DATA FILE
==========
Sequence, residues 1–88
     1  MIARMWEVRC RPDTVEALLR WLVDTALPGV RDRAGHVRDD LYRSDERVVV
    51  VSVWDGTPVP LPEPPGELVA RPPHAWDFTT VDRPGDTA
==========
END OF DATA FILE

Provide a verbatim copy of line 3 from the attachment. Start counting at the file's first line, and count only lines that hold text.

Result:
    51  VSVWDGTPVP LPEPPGELVA RPPHAWDFTT VDRPGDTA